BIOL200Research Apprenticeship in Biology Apprenticeships intended to provide opportunities for biology majors to become regularly involved in ongoing research projects with faculty, either with the same faculty member for a number of quarters or with different faculty in different quarters. A minimum of 50 hours of work is expected for each quarter. Three apprenticeships earn one full unit toward graduation.
BIOL222Vertebrate Biology with Lab Broad-based study of comparative anatomy and life histories of adult vertebrates and how these influence our understanding of vertebrate phylogeny; laboratories in comparative anatomy and diversity of vertebrates.Prerequisite: BIOL-123 All course prerequisites must be met with a minimum grade of C-.
BIOL224Ecology and Conservation with Lab Ecology is rooted in natural history, the description of organisms in their environments. Ecologists study interactions in nature across many levels of biological organization, from individuals to populations, communities, ecosystems, and, finally, the entire biosphere; this course is organized along this continuum. How do we explain the distribution and abundances of organisms? How do populations of different species interact as competitors, as predators and prey, as pathogens and hosts, and as mutualists? And finally, given the planet-wide environmental impact of our species, how can ecologists apply their knowledge to the conservation of natural resources?Prerequisite: BIOL-123 All course prerequisites must be met with a minimum grade of C-.
BIOL232Plant Biology with Lab In this course we will explore the consequences of being a plant: they make their own food; generally they are stuck in one place; they are as dumb as posts; they are modular; they have some very cool genetics; they have evolved some critically important symbioses with bacteria and fungi. Moreover, plants can live without us, but we cannot live without them. We will review the plant kingdom generally, but we will focus on the angiosperms (flowering plants), covering broad aspects of structure, development, growth, and reproduction. Laboratory will focus on field identification and ecology.Prerequisite: BIOL-123 or Permission All course prerequisites must be met with a minimum grade of C-.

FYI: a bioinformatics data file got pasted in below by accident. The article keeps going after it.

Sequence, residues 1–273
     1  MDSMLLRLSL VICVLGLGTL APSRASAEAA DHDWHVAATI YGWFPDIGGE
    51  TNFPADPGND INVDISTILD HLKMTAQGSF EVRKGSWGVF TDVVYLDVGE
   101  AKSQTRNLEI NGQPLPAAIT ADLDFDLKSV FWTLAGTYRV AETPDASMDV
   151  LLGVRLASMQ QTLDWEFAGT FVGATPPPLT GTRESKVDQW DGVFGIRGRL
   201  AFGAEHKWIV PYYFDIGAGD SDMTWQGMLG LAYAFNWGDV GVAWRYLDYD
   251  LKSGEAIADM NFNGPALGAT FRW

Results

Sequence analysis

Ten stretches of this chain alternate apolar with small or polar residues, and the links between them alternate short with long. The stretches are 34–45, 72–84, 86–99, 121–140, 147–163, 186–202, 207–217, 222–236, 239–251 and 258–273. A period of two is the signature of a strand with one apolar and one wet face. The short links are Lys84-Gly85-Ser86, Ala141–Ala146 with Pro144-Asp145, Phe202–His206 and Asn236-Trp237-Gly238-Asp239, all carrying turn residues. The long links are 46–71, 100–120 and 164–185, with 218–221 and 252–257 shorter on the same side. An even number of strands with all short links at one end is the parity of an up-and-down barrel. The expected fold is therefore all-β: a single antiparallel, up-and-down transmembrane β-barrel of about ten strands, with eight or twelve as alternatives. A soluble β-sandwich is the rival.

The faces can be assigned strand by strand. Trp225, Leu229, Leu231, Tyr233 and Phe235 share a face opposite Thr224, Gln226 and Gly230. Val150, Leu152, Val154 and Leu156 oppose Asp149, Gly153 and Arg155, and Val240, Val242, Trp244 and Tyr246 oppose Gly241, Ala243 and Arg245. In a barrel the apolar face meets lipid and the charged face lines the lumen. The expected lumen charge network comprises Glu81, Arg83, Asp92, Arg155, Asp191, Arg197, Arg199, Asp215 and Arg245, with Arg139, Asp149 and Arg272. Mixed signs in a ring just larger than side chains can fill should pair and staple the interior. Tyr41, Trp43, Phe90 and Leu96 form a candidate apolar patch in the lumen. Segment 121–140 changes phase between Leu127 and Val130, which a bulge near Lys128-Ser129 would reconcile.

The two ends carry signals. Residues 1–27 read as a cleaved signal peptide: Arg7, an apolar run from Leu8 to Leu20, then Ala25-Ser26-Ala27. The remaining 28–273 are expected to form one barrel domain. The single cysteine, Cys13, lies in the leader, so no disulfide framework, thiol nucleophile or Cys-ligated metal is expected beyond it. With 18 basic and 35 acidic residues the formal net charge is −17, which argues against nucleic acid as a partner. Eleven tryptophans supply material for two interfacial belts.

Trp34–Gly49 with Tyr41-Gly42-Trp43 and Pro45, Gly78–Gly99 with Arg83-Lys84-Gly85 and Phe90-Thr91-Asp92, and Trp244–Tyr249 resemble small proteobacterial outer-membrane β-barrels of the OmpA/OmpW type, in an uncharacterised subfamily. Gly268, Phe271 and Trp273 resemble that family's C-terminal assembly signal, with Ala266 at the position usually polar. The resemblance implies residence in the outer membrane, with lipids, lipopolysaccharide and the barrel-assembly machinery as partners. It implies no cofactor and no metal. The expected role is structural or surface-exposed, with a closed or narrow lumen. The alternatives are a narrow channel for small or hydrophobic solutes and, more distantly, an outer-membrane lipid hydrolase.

BIOL246Cell and Molecular Biology with Lab The complex workings of individual cells will be explored from a molecular perspective. Topics include the flow of genetic information, cell structure and mechanics, metabolism, cell signaling, and regulation. An integrated laboratory will introduce cutting-edge cell and molecular techniques, including cell culture, transfection, immunoprecipitation, electrophoresis, and Western blotting.Prerequisite: BIOL-112 All course prerequisites must be met with a minimum grade of C-.